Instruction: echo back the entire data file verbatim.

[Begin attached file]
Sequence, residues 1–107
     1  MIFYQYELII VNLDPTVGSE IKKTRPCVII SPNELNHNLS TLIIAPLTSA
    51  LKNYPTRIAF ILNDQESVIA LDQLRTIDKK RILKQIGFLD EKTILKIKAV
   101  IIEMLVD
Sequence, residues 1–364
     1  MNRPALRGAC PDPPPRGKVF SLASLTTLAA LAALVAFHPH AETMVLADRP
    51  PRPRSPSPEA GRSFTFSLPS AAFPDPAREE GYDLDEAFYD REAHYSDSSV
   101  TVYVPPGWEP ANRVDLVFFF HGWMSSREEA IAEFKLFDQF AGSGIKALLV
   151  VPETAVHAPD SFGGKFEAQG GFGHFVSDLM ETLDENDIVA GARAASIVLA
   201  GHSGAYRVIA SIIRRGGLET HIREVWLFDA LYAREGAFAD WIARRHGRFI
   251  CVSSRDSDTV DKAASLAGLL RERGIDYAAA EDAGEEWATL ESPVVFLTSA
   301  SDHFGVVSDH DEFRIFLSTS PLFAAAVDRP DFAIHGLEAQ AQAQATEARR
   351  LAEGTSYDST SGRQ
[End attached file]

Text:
Sequence, residues 1–107
     1  MIFYQYELII VNLDPTVGSE IKKTRPCVII SPNELNHNLS TLIIAPLTSA
    51  LKNYPTRIAF ILNDQESVIA LDQLRTIDKK RILKQIGFLD EKTILKIKAV
   101  IIEMLVD
Sequence, residues 1–364
     1  MNRPALRGAC PDPPPRGKVF SLASLTTLAA LAALVAFHPH AETMVLADRP
    51  PRPRSPSPEA GRSFTFSLPS AAFPDPAREE GYDLDEAFYD REAHYSDSSV
   101  TVYVPPGWEP ANRVDLVFFF HGWMSSREEA IAEFKLFDQF AGSGIKALLV
   151  VPETAVHAPD SFGGKFEAQG GFGHFVSDLM ETLDENDIVA GARAASIVLA
   201  GHSGAYRVIA SIIRRGGLET HIREVWLFDA LYAREGAFAD WIARRHGRFI
   251  CVSSRDSDTV DKAASLAGLL RERGIDYAAA EDAGEEWATL ESPVVFLTSA
   301  SDHFGVVSDH DEFRIFLSTS PLFAAAVDRP DFAIHGLEAQ AQAQATEARR
   351  LAEGTSYDST SGRQ